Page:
There may be a new target for the treatment of depression on the horizon. Carnitine and derivatives like acetyl-L-carnitine play an essential role in the body's energy metabolism, chiefly in the burning of fat. The body produces them naturally and the largest amounts are found in muscle. Most people can manufacture all that they need, but some people, such as preterm infants, for genetic or medical reasons, do not.

Now it appears that depression is related to a deficiency of acetyl-L-carnitine. A recent study by researchers at Stanford and Rockefeller Universities has confirmed that people with depression have substantially lower levels of acetyl-L-carnitine in their blood. Other studies have shown acetyl-L-carnitine may play a special role in the brain, where it appears to prevent excessive firing of excitatory nerve cells in the brain's hippocampus and frontal cortex.

People whose symptoms were most severe, whose medical histories indicated they were resistant to previous treatments or whose onset of the disorder occurred early in life had the lowest levels of acetyl-L-carnitine.

Depression is the most common mood disorder in the world, with one in four people likely to experience depression during their lifetime. It's also one of the leading causes of suicide. And while most people's depression does improve after they seek treatment, no one treatment works for everyone; and there is a continuing need for better treatments, especially ones with few side effects.

Researchers looked at blood samples from adults in New York City who had been diagnosed with depression and had been admitted to a medical center for treatment during a depressive episode. When they compared those blood samples to those of people from similar backgrounds who did not have depression, they found depressed people had much lower levels of acetyl-L-carnitine in their blood.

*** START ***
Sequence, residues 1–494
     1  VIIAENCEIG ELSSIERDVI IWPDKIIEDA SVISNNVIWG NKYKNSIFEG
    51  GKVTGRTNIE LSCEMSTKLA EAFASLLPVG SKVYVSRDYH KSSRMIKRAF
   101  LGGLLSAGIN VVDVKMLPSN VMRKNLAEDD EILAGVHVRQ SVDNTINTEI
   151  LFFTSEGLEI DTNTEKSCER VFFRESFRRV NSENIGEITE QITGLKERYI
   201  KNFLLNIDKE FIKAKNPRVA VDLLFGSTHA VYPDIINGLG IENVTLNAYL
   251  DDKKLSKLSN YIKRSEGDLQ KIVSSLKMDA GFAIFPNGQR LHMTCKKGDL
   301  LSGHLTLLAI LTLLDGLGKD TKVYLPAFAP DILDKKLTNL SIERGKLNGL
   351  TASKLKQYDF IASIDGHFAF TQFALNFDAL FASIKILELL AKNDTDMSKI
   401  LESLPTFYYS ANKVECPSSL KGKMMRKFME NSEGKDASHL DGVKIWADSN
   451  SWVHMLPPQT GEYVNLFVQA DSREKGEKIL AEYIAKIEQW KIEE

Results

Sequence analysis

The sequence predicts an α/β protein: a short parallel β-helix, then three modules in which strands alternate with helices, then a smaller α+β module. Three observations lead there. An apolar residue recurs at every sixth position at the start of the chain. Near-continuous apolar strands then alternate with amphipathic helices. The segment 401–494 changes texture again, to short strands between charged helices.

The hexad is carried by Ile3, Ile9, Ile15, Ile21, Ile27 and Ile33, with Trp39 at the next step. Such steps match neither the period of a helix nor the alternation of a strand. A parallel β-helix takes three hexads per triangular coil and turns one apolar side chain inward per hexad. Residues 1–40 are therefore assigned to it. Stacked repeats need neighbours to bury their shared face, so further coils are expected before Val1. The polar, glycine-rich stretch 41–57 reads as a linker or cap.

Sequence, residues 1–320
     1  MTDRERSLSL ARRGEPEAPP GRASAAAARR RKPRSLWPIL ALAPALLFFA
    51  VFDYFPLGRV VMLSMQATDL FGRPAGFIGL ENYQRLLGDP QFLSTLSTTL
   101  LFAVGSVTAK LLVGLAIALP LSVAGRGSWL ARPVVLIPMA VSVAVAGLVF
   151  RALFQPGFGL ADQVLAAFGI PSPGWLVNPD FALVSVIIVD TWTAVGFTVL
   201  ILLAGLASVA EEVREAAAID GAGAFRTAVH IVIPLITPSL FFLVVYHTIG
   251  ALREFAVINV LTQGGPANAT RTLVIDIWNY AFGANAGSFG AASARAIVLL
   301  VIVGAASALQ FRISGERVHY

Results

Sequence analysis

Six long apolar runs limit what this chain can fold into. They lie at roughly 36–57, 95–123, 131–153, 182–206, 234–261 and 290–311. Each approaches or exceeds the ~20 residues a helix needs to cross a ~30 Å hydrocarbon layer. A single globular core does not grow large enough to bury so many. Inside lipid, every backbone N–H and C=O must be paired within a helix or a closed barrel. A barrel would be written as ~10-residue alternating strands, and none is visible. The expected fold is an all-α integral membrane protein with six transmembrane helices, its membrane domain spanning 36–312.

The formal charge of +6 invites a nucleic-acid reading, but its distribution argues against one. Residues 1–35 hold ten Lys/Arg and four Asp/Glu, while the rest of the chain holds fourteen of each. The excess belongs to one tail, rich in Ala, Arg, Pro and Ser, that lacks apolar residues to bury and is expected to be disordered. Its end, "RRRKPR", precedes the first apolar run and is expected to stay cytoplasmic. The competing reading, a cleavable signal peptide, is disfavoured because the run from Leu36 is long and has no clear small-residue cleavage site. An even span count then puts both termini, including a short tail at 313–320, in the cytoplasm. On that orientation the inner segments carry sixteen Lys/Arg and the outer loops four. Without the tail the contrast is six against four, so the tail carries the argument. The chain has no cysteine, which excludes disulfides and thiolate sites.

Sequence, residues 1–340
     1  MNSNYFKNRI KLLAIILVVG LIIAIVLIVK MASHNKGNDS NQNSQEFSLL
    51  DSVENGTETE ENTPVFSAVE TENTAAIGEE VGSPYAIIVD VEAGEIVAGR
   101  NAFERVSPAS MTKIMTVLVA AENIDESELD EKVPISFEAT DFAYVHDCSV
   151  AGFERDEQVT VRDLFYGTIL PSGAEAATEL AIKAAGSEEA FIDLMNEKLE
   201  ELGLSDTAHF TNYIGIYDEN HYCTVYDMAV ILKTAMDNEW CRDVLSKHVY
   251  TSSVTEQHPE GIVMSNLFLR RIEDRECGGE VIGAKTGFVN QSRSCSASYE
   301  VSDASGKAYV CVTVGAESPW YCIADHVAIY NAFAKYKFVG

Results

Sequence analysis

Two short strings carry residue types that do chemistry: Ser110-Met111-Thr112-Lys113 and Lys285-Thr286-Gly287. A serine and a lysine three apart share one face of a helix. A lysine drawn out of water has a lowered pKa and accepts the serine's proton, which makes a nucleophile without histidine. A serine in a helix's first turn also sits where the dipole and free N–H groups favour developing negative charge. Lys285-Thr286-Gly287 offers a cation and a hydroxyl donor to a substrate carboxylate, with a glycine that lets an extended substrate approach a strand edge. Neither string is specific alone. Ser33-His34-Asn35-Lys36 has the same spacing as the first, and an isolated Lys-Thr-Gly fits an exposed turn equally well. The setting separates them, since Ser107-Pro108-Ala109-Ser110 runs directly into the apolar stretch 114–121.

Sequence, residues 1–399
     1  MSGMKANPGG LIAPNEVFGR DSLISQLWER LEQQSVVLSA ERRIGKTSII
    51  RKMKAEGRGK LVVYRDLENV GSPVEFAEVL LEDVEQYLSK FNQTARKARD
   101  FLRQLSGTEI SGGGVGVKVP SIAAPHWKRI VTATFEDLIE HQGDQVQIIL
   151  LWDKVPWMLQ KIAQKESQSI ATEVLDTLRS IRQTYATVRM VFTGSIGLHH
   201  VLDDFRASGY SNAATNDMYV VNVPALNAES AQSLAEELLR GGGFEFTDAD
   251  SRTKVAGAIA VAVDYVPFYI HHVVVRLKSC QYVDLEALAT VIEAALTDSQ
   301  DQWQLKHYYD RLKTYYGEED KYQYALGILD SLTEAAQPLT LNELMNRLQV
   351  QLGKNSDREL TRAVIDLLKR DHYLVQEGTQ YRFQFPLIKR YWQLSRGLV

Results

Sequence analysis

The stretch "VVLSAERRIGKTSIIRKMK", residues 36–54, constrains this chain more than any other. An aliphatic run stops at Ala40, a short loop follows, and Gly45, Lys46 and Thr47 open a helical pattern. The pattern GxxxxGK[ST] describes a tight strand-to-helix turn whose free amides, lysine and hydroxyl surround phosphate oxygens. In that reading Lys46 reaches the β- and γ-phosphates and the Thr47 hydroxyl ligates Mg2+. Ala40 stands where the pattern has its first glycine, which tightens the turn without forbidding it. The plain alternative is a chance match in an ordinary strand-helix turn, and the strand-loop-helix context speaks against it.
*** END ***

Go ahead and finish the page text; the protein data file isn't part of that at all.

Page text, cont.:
The lowest levels were found in people whose symptoms were most severe, whose medical histories indicated they were resistant to previous treatments or whose onset of the disorder occurred early in life — people who need help the most.

Researchers, led by Carla Nasca of Rockefeller University, began to look more closely at the link between depression and acetyl-L-carnitine in humans after studies of rodents showed that a deficiency of acetyl-L-carnitine was associated with depression-like behavior. In those animal studies, oral or intravenous administration of acetyl-L-carnitine reversed the animals' symptoms and restored their normal behavior, explained Bruce McEwen, professor and chief of the Laboratory of Neuroendocrinology at The Rockefeller University. Even better, the acetyl-L-carnetine supplementation worked quickly. Animals responded in a few days. Most antidepressants can take several weeks to begin to show an effect.

Acetyl-L-carnitine is widely available as a nutritional supplement. This study did not test the effect of supplementation on humans, though one European study did find it helpful. Before rushing out to buy some, however, you may want to wait for the results from the next round of research to come in.

“We have many previous examples of how nutritional supplements widely available over the counter and unregulated by the Food and Drug Administration — for example, omega-3 fatty acids or various herbal substances — are touted as panaceas for you-name-it, and then don’t pan out,” cautioned the study's co-author, Natalie Rasgon, a professor of psychiatry and behavioral sciences at Stanford University in a statement.

Yet the hope is that further research into acetyl-L-carnitine will pan out, offering a proven antidepressant that is freer of side effects and faster-acting than those in use today.

The study appears in PNAS, the Proceedings of the National Academy of Sciences.